There’s nothing quite like being freshly out of the closet.
Once the smoke has cleared and you’re no longer dealing with a daily onslaught of reactions to your announcement, you can see the enormous horizons in front of you. You can see all the people who you now have permission to date and to fuck. And it’s a freeing, though incredibly terrifying, feeling.
I came out as bi when I was fifteen, after I realized that a raver chick who’d been flirting with me was actually pretty attractive. Not just in an “Oh hey, I like her outfit” kind of way, but in an “I wouldn’t mind if she pinned me against a wall and kissed me til my lips bruise” kind of way.
The raver girl got a boyfriend just before school let out for the summer. I remember being crushed when, on the last day of ninth grade, I stood by the front doors and watched her walk out, hand in hand with her new man (or should I say, boy). I had this sense that she was the only girl in possession of the key to my bisexuality, and I’d have to give up on girls forever now. It was silly, but it was how I felt.
But when we got back to school after the summer of my first Pride, I noticed a new girl. A charming, awkward, witty, intelligent girl who loved Edward Albee and potato latkes. Her gender presentation veered toward androgyny, and she proudly self-identified with the word “dyke,” but she was nowhere near butch. To this day, I still have a thing for girls who are boyish as hell but still very much girls (which I realize is hard to conceptualize and visualize – it’s more of a “vibe” thing, I suppose).
She wrote to me online to tell me she liked something I’d written, some story I’d read aloud in the English class we’d shared in the previous school year. We sent messages back and forth after that, rarely encountering each other at school but encountering each other multiple times a day in our online haunts. We talked about books and films and strange societal phenomena.
I remember standing at the sinks in the girls’ bathroom with my best friend at the time, and telling her, “I think I have a crush on that girl I’ve been talking to.” My friend said, “You should ask her out!” Like it was so simple. Like I was that brave. Like I was ready to take on my first relationship, period, let alone my first queer relationship.
It took me an entire month to build up a sense that The Girl actually liked me, in some way beyond just admiring my writing and my taste in horror flicks. But she did. I was almost certain of it. The way she looked up at me demurely when I walked by her group of friends at lunch, the way she snuck out of detention just to talk to me for a few short minutes, the way she kept mentioning her gayness and my biness as if to confirm the compatibility of the two. It seemed almost like an invitation.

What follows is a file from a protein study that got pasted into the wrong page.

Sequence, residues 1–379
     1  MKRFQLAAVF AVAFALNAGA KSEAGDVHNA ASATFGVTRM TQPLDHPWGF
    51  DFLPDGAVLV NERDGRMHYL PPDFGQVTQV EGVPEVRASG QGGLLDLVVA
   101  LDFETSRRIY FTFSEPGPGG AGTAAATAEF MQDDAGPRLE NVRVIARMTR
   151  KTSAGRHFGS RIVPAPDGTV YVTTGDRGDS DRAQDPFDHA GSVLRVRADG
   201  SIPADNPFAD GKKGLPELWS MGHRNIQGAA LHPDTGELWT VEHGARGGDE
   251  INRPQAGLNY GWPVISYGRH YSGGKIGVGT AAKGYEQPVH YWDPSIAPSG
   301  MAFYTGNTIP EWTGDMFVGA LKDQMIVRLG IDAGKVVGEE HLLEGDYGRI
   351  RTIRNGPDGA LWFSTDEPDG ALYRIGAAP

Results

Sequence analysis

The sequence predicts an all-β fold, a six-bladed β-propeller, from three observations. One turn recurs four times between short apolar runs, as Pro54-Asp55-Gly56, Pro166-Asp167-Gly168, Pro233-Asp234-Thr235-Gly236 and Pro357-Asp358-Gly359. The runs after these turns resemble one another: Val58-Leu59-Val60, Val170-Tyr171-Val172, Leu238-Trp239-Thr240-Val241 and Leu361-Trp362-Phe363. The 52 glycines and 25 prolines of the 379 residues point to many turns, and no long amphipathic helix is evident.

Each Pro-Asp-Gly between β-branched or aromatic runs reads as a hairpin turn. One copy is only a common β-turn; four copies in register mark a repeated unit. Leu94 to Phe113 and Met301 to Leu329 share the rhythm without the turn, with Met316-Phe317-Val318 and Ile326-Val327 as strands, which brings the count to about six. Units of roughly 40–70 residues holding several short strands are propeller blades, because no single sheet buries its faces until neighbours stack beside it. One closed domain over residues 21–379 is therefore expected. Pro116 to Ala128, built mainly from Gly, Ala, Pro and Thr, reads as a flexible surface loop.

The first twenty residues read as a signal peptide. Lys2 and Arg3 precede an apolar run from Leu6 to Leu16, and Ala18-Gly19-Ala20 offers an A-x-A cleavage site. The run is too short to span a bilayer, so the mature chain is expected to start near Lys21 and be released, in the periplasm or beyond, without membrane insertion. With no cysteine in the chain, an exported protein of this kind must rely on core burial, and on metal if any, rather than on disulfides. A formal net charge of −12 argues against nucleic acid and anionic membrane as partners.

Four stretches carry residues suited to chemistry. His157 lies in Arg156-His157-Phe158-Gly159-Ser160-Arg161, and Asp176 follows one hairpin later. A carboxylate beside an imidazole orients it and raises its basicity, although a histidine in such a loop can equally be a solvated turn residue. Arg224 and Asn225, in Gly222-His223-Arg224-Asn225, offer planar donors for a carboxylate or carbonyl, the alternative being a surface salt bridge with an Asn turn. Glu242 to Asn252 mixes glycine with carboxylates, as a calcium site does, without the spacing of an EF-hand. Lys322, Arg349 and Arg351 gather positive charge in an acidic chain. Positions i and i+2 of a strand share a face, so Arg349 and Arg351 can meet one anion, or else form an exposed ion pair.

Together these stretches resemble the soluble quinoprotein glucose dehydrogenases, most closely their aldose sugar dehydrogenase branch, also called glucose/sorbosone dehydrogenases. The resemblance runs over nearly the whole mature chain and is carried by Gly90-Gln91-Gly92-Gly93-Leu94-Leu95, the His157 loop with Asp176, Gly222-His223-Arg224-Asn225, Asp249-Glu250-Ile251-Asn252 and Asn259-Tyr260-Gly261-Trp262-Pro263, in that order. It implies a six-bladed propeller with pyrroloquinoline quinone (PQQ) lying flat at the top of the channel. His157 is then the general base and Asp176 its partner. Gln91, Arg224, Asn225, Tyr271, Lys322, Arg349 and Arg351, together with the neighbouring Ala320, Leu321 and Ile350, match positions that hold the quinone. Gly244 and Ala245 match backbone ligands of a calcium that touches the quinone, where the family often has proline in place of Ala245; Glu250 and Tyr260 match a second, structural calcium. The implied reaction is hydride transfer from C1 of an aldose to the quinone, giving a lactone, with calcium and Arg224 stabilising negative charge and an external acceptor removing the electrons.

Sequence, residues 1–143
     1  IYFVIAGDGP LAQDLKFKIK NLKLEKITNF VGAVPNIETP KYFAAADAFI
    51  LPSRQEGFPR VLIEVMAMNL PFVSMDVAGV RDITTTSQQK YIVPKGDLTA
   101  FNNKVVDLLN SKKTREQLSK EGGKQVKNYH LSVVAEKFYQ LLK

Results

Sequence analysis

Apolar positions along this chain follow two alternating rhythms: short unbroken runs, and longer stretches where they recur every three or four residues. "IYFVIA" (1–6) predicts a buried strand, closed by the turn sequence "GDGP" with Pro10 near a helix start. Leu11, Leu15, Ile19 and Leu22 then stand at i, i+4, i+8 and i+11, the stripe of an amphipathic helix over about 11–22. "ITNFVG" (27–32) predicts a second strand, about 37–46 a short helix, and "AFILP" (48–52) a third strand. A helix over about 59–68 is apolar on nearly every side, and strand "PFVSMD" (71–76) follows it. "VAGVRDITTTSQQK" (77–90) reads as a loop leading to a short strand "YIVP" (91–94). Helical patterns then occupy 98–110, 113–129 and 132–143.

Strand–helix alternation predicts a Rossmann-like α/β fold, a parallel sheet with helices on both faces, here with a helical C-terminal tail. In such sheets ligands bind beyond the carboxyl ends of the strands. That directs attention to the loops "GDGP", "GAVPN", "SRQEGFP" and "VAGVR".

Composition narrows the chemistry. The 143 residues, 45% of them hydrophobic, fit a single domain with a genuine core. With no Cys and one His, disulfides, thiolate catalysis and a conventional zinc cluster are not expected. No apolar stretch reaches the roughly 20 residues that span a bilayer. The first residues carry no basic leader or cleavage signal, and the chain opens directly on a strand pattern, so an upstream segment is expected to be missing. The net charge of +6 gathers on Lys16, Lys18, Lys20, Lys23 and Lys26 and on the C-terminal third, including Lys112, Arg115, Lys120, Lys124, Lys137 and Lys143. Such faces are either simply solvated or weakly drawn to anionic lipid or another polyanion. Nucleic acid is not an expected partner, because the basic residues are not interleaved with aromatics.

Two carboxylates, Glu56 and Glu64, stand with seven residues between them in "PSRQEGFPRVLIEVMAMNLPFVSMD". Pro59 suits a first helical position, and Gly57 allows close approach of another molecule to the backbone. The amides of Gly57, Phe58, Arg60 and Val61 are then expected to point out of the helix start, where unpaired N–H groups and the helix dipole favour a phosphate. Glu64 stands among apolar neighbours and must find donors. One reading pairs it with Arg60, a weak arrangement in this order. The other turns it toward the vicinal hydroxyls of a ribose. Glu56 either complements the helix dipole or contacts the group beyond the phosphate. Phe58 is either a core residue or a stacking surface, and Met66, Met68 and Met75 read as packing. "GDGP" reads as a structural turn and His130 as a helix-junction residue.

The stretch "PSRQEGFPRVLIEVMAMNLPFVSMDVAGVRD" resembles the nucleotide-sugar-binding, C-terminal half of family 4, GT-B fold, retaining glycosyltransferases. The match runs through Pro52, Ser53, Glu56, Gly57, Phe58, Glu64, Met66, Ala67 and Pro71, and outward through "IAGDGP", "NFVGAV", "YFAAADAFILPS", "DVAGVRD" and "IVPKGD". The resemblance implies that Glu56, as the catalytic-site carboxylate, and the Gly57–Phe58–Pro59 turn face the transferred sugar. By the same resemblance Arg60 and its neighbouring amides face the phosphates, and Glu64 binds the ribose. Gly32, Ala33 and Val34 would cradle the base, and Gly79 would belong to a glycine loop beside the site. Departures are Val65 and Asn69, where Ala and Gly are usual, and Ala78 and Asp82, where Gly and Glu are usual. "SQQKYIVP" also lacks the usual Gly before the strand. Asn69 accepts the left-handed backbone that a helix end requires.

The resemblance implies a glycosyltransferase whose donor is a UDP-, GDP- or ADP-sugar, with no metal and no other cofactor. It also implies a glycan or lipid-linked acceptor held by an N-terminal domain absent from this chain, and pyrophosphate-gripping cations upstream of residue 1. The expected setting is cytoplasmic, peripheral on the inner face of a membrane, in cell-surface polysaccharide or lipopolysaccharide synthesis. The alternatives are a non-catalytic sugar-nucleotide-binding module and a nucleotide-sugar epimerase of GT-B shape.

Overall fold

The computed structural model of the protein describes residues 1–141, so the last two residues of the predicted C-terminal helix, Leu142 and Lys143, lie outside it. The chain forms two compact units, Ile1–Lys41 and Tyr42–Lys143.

Once, on the subway, I leaned forward to hug her just as the train was pulling into my stop, and it suddenly jerked, causing me to fall right into her. Body contact. Words caught somewhere in my esophagus. I gasped and giggled and rushed off the train, euphoric.
So it was finally time to do something about it.
I wrote her a letter, though “assembled” would probably be a better word, since it was actually just an annotated collection of excerpts from my journal. The excerpts explained that I really, really liked her, that I wanted to be with her and thought she was wonderful and thought about kissing her. Mushy crap that I figured she would like.
After shoving the letter nervously into her hands at the very end of a party, I said goodbye and rushed home. I didn’t want to be anywhere near her when she read that thing. I wanted to be far enough away that she could completely ignore me if she wanted to.
But she didn’t want to. My phone rang shortly after I arrived home.
“Hi.” It was her.
“Hi.” I felt like I’d been dunked in ice.
“Hi. So… we should date.”
And so began the most gutwrenching and romantically titillating few weeks of my life thus far.
To be continued…?
Readers: Have any romantic stories from your youth to share? Did your first boyfriend/girlfriend live up to your expectations of relationships? How have you grown since then?